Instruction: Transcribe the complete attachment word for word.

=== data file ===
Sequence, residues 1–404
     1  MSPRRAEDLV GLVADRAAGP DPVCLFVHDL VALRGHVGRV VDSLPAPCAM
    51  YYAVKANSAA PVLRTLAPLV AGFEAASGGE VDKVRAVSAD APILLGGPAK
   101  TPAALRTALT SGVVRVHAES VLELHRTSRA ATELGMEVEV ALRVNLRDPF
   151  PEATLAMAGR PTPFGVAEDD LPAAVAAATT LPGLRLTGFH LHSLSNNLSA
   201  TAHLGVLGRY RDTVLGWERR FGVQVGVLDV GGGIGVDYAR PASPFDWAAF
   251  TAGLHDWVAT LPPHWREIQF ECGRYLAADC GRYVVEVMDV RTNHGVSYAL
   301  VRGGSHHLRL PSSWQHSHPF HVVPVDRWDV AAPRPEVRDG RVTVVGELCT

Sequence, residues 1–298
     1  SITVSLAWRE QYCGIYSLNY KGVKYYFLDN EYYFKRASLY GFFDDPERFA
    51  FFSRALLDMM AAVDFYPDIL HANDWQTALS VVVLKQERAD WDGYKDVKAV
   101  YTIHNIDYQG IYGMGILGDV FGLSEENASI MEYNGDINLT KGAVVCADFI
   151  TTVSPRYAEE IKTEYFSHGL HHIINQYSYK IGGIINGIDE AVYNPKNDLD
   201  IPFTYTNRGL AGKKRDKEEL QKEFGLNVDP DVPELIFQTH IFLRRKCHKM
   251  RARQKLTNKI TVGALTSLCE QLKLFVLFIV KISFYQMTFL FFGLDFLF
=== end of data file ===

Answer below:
Sequence, residues 1–404
     1  MSPRRAEDLV GLVADRAAGP DPVCLFVHDL VALRGHVGRV VDSLPAPCAM
    51  YYAVKANSAA PVLRTLAPLV AGFEAASGGE VDKVRAVSAD APILLGGPAK
   101  TPAALRTALT SGVVRVHAES VLELHRTSRA ATELGMEVEV ALRVNLRDPF
   151  PEATLAMAGR PTPFGVAEDD LPAAVAAATT LPGLRLTGFH LHSLSNNLSA
   201  TAHLGVLGRY RDTVLGWERR FGVQVGVLDV GGGIGVDYAR PASPFDWAAF
   251  TAGLHDWVAT LPPHWREIQF ECGRYLAADC GRYVVEVMDV RTNHGVSYAL
   301  VRGGSHHLRL PSSWQHSHPF HVVPVDRWDV AAPRPEVRDG RVTVVGELCT

Sequence, residues 1–298
     1  SITVSLAWRE QYCGIYSLNY KGVKYYFLDN EYYFKRASLY GFFDDPERFA
    51  FFSRALLDMM AAVDFYPDIL HANDWQTALS VVVLKQERAD WDGYKDVKAV
   101  YTIHNIDYQG IYGMGILGDV FGLSEENASI MEYNGDINLT KGAVVCADFI
   151  TTVSPRYAEE IKTEYFSHGL HHIINQYSYK IGGIINGIDE AVYNPKNDLD
   201  IPFTYTNRGL AGKKRDKEEL QKEFGLNVDP DVPELIFQTH IFLRRKCHKM
   251  RARQKLTNKI TVGALTSLCE QLKLFVLFIV KISFYQMTFL FFGLDFLF